Iso-Fatty Acids and Methyl Esters

In bacteria, the iso-fatty acid1 content and composition can often be used as a taxonomic marker because iso-fatty acids are often found in bacteria but not commonly in other microorganisms.2 They are found in small amounts in marine organisms and ruminants, mainly due to the food chain but also due to some de novo synthesis. Some waxy materials such as lanolin, as well as secretions near animal eyes, contain an unusually high amount of iso-fatty acids being employed for their lubricating effect. Branched chain fatty acids are critical for the regulation of fluidity in membranes and in membrane transport for many types of bacteria due to their significantly lower transition temperature than straight chain fatty acids. Some bacteria handle stress (such as heat and toxicity) by changing the ratio of anteiso/iso-fatty acids in the cell membrane. Iso-fatty acids have been found to be activators for various enzymes and are used as protein modifiers. Although iso-even chain fatty acids are commonly derived from isobutyryl-CoA, some bacteria derive all iso-even chain fatty acids via alpha-oxidation of iso-odd chain fatty acids.3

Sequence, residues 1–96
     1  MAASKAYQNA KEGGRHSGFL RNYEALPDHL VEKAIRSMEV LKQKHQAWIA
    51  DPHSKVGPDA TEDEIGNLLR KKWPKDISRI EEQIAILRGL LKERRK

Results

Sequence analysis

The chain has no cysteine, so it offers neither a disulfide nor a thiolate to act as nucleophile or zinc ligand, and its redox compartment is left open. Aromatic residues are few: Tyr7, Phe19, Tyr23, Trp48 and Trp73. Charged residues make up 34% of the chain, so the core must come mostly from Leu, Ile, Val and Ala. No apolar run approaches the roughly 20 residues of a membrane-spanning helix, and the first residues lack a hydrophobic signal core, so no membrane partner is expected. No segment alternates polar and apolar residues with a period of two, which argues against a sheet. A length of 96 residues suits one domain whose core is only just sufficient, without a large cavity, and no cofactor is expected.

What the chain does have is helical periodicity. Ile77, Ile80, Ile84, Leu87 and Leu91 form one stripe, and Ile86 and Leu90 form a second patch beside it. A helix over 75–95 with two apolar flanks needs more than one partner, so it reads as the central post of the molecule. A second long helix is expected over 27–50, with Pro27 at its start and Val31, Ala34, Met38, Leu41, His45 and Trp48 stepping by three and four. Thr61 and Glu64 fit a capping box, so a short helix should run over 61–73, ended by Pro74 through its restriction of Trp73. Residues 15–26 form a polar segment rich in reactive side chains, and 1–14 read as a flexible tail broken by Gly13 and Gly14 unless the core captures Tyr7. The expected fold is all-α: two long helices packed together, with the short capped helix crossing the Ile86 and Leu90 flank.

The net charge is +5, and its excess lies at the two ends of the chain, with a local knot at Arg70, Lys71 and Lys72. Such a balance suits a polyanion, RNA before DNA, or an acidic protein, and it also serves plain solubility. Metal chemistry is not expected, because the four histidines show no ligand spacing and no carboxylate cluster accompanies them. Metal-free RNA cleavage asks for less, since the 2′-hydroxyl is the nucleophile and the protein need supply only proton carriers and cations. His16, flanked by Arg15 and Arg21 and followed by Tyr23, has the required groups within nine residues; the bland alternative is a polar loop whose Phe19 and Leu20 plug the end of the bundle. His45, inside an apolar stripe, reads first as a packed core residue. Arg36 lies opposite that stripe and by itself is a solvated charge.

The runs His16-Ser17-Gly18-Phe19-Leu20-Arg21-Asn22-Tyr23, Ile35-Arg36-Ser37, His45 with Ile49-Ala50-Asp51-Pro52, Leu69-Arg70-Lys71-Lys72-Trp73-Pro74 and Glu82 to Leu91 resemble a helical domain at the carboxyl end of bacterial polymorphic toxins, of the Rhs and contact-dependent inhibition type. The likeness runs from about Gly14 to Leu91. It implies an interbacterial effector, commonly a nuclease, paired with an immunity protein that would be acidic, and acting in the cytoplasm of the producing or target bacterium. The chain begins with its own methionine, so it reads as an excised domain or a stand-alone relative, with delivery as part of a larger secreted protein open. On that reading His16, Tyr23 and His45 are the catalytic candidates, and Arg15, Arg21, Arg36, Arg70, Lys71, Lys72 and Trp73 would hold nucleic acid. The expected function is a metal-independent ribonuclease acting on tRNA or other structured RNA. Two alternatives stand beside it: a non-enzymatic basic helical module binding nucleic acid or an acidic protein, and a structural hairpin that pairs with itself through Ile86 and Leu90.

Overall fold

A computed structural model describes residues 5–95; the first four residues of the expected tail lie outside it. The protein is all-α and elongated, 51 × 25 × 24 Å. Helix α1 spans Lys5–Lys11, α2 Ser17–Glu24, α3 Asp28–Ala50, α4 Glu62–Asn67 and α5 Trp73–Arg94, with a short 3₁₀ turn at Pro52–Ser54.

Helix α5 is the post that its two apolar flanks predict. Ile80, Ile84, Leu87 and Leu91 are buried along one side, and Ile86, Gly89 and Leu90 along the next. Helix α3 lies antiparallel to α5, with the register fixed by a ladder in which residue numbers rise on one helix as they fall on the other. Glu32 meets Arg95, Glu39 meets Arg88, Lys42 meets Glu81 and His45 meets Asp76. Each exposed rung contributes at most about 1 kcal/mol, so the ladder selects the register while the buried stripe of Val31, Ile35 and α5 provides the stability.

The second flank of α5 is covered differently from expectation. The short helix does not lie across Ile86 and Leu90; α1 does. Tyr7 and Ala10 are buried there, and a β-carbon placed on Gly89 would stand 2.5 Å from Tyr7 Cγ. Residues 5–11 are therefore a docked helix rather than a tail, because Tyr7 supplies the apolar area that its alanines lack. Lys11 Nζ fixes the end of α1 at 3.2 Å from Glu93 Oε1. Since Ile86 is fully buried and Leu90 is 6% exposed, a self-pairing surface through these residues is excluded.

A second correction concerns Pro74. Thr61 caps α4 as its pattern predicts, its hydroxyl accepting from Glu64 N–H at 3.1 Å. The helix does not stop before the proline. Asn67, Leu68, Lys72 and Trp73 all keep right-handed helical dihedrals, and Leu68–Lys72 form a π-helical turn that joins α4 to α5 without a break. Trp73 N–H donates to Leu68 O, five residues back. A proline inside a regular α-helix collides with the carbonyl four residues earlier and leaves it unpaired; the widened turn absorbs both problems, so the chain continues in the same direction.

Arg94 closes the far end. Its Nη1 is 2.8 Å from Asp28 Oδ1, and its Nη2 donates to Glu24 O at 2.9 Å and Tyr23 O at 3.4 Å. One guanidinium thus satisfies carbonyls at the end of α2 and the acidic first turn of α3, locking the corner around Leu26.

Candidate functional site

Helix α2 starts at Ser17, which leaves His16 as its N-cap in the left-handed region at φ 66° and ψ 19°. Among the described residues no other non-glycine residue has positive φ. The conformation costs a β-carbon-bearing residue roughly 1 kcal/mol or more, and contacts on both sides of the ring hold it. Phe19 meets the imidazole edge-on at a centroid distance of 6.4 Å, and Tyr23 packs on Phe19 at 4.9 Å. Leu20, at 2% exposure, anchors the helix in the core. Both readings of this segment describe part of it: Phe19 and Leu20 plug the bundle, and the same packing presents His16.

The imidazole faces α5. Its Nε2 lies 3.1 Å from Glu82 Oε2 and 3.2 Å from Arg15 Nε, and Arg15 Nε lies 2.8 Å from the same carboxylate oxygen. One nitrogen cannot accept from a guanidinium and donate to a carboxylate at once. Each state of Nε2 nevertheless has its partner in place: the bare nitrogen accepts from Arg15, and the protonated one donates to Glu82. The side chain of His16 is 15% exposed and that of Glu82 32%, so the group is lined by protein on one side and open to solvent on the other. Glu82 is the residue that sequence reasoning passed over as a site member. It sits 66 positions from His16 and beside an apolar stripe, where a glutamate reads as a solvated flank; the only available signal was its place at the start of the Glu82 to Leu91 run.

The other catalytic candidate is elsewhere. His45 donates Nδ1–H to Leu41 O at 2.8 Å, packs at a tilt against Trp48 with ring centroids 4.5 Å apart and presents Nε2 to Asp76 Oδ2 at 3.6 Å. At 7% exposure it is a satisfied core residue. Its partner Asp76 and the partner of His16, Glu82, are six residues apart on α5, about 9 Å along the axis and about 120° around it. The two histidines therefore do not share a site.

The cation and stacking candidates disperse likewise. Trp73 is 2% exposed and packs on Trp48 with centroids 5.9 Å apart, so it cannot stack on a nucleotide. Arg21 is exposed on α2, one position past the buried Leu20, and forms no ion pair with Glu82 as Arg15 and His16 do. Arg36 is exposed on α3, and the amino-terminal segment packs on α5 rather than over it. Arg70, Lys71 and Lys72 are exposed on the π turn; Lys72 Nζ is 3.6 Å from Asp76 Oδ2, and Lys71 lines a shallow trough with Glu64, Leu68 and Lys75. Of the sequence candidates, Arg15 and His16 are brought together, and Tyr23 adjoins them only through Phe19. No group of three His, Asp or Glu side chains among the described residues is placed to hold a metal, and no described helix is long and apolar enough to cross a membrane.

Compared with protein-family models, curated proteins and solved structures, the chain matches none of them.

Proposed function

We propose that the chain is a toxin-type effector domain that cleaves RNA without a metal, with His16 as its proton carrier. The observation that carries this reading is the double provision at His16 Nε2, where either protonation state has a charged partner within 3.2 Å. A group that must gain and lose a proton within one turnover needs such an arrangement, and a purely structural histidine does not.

References:

  1. T. Kaneda “Iso- and Anteiso-Fatty Acids in Bacteria: Biosynthesis, Function, and Taxonomic Significancet” American Society for Microbiology, Vol. 55(2) pp. 288-302, 1991
  2. N. Jensen and M. Gross “Fast Atom Bombardment and Tandem Mass Spectrometry for Determining Iso- and Anteiso-Fatty Acids” Lipids, Vol. 21(5) pp. 362-365, 1986
  3. H. Bode et al. “Biosynthesis of Iso-Fatty Acids in Myxobacteria: Iso-Even Fatty Acids Are Derived by alpha-Oxidation from Iso-Odd Fatty Acids” J. Am. Chem. Soc., Vol. 127(2) pp 532–533, 2005

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